March 19-23 Flood Safety Awareness Week


         NOAA’s National Weather Service wants the public to know that floods can kill, and a few simple safety measures can mean the difference between life and death.  Flood Safety Awareness Week is March 19-23.

          “Flooding is one of ’s most under-rated killers,” said Brig. Gen. David L. Johnson, U.S. Air Force (Ret.), director of NOAA’s National Weather Service. “Many people drown in floods because they underestimate the incredible power of water.”

          On average, nearly 100 people are killed each year due to flooding, and approximately 60 percent of those deaths are the result of people driving into flooded roadways.  Six inches of fast-moving flood water can knock over an adult, and it takes only two feet of rushing water to carry away most vehicles, including pickups and SUVs.

          “Most flood-related deaths and injuries could be avoided if people who come upon areas covered with water simply followed the ‘Turn Around, Don’t Drown’ flood safety campaign slogan,” said Johnson.

          During Flood Safety Awareness Week, NOAA’s National Weather Service is emphasizing these safety rules:

  • Monitor NOAA Weather Radio All Hazards and for vital weather-related information.
  • If flooding occurs or is expected to occur, get to higher ground. Leave areas subject to flooding. This includes dips, low spots, canyons and washes.
  • Avoid areas already flooded, especially if the water is flowing fast. Do not attempt to cross flowing streams.Turn Around, Don’t Drown”™.
  • Road beds may be washed out under flood waters. Never drive through flooded roadways. “Turn Around, Don’t Drown”™.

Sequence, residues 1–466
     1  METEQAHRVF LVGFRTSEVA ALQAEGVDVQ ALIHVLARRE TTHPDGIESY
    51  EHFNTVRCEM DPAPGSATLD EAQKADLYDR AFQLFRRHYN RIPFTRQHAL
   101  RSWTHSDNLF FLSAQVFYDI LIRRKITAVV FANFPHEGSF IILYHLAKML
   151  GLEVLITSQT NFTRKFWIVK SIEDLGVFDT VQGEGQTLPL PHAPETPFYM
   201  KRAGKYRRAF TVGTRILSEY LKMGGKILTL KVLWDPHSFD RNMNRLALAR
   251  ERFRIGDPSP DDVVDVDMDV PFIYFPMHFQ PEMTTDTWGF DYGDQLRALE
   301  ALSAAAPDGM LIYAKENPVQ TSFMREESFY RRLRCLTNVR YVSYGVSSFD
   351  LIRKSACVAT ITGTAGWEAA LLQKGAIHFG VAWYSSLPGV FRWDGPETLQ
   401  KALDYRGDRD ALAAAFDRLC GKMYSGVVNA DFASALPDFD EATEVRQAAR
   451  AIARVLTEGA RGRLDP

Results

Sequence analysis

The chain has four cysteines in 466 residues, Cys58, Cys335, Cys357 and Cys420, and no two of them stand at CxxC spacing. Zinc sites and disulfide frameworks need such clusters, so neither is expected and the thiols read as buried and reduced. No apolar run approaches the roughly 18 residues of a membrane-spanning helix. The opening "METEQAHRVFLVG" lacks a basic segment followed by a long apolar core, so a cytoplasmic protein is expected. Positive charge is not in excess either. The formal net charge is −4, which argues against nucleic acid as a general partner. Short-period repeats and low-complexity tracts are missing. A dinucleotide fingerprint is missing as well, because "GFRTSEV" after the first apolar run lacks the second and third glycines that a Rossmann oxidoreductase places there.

• Do not camp or park vehicles along streams and washes, particularly during threatening conditions.
  • Be especially cautious at night when it is harder to recognize flood dangers.

          Each day during Flood Safety Awareness Week will highlight some of the many ways floods can occur, the hazards associated with floods, and what you can do to sae life and property.  Topics throughout the week include the Advanced Hydrologic Prediction Service (AHPS), Turn Around, Don’t Drown”™ safety campaign, snowmelt flooding, Flood Insurance, and Flood Safety.

          "We are working hard to make it safer," said Thomas Graziano, Ph.D., chief of the hydrologic services division of NOAA’s National Weather Service.  "Leveraging advances in science and technology and working hadn-in-hand with valued partners including emergency managers, safety officials, and the media, expands access to more timely and site-specific flood forecasts and warning that save lives and valuable community resources.

            The National Oceanic and Atmospheric Administration, an agency of the U.S. Commerce Department, is celebrating 200 years of science and service to the nation. From the establishment of the Survey of the Coast in 1807 by Thomas Jefferson to the formation of the Weather Bureau and the Commission of Fish and Fisheries in the 1870s, much of ’s scientific heritage is rooted in NOAA.

            NOAA is dedicated to enhancing economic security and national safety through the prediction and research of weather and climate-related events and information service delivery for transportation, and by providing environmental stewardship of our nation’s coastal and marine resources. Through the emerging Global Earth Observation System of Systems (GEOSS), NOAA is working with its federal partners, more than 60 countries and the European Commission to develop a global monitoring network that is as integrated as the planet it observes, predicts and protects.

Return to News Archive is the U.S. government's official web portal to all federal, state and local government web resources and services.